Yesterday the final version of Open Office 2.0 was released.
I have been using open office while I had Mandrake Linux on my machine, although I don’t have any state of the art system but still MS Office runs smoothly on it, however the speed of Open Office was horrible, it took ages to open even simple files, I hope that speed has also been worked upon in the new version. As it is also available for Windows so this time I am thinking of trying it out on XP.

Its old news now but I had not posted about it, apparently it seems a move to counter the AIM/AOL IM market share as they have about 50% of it.
Or may be both Yahoo! and MSN did not want to lose any user base to Google Talk?

With MSN and Yahoo tying up their users will be able to swap messages between both networks

There are a thousand things about which I can write but still I don’t feel like posting anything online, may be I am just too shy to tell share personal thoughts with others on the internet

Differences between Linux and Solaris
Linux is also just a kernel by itself, while Solaris is a whole operating system. You could, for example, compare Solaris to Slackware for something more accurate.

They also have different names for partitions. In Solaris, as well as in BSD, they are called Slices. They also have different default shells with the Bourne shell being the default for Solaris and Bash for Linux.

A few commands are also different, like pkill (process kill) in Solaris is equivalent to killall in Linux. They use, however, the same kill signal with 15 being a soft, default one for both Operating System. Another one is the lp for Solaris (line print command), being lpr on Linux.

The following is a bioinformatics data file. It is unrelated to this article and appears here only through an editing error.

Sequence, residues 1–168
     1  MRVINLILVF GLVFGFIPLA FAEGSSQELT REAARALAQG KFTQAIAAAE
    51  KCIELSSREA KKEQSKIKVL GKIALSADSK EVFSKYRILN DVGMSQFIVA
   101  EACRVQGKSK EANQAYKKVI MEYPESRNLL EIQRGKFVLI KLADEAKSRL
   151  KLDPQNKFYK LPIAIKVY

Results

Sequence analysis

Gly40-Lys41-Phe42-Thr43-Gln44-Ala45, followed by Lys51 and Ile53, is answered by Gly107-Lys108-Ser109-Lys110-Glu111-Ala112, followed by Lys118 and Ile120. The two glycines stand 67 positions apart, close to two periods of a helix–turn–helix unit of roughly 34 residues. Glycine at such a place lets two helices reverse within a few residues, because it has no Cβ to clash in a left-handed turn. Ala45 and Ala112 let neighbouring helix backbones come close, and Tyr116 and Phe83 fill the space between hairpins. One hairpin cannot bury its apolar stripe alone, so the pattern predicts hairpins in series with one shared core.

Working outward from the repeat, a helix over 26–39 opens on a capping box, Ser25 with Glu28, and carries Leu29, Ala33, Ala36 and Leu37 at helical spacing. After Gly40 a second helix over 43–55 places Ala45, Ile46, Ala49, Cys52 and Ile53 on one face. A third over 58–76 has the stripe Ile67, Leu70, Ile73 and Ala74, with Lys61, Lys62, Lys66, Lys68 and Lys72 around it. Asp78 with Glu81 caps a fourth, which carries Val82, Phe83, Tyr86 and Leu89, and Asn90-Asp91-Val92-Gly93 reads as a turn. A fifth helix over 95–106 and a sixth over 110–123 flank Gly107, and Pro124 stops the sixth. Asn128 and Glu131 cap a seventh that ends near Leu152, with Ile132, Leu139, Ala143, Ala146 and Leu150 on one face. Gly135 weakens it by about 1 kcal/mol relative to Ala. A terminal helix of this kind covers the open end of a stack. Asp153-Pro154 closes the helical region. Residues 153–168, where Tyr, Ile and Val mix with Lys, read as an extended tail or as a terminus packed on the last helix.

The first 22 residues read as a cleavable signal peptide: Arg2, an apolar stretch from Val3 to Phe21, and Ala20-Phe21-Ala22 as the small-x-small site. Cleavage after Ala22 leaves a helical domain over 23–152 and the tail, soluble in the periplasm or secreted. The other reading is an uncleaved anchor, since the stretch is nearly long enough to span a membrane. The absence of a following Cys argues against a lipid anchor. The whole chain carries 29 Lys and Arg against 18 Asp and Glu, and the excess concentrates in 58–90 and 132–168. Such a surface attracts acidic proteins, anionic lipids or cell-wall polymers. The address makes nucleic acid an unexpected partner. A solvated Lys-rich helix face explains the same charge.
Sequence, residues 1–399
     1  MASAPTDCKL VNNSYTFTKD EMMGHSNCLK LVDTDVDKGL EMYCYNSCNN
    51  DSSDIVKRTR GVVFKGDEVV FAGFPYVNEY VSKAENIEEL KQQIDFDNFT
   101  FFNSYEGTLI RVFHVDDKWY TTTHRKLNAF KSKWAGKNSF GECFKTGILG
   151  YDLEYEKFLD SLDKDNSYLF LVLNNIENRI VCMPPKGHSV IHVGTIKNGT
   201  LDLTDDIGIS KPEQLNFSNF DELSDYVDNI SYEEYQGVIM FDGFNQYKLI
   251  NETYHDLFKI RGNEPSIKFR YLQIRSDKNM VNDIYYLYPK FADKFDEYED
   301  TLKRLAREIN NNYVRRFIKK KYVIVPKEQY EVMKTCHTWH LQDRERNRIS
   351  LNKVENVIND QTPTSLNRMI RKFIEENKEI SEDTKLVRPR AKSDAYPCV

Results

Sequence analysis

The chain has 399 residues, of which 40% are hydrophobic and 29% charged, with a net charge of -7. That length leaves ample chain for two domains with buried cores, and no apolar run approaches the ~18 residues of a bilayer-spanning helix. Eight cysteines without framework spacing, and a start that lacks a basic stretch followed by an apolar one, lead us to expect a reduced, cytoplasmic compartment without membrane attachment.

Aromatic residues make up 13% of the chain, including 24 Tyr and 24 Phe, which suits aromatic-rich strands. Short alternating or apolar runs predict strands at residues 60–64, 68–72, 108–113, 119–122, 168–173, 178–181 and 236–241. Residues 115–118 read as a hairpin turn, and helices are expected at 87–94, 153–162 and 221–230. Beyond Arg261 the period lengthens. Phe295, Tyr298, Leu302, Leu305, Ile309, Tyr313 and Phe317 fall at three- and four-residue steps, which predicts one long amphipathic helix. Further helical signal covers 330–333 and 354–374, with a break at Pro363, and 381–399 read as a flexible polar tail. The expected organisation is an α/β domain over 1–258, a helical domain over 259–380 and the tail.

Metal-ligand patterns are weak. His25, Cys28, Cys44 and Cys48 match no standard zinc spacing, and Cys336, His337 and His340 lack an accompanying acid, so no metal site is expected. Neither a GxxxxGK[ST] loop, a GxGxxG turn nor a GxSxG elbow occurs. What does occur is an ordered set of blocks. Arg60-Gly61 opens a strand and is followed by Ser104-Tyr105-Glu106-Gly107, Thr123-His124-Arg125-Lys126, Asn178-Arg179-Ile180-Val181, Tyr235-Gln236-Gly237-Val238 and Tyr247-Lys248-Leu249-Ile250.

A few files have different sets of permissions by default too. They also use different types of file system, with UFS being common for Solaris and EXT2, EXT3, ReiserFS and many others being common for Linux.

They have different requirements for Login and passwords. Solaris and Linux passwords must be at least six characters in length and different from the login ID. The first six characters of the Solaris password must contain at least two alphabetic characters and at least one numeric or special character. Linux passwords can be any combination of alphanumeric or special characters and there is no requirement for what the first six must contain.

Linux also defaults the home directory to /home/user, while Solaris defaults them to /export/home/user.

Hardware support for Solaris/X86 is very, very limited when comparing to X86/Linux as well.

Google and Sun are to make StarOffice apps available to Google users.

The decision will be part of a larger technology partnership between Sun and Google that will build a network to provide Web-based apps, in competition with Microsoft.

A joint conference between the two giants and their CEOs is taking place later today in California where the news will be officially released.

Company representatives have been tight-lipped, causing rampant speculation – most of it of the usual kill-Microsoft kind. Microsoft has made no bones about its aim to unseat Google as the leading search-engine company. Sun, too, sees Microsoft as one of its chief rivals in the software market, and has been having trouble getting widespread adoption of its software portfolio, including its answer of Microsoft Office – StarOffice.

The company has just released a new version of StarOffice that includes better inter-operation with Microsoft Office.

Sun also believes it has momentum for StarOffice. In particular, a recent decision by the US state of Massachusetts will see its government agencies move to open office file formats – which Microsoft Office currently do not support.

A deal between Google and Sun could give Google the technology it needs to rival Microsoft in providing applications as services, while giving Sun an edge in the applications business.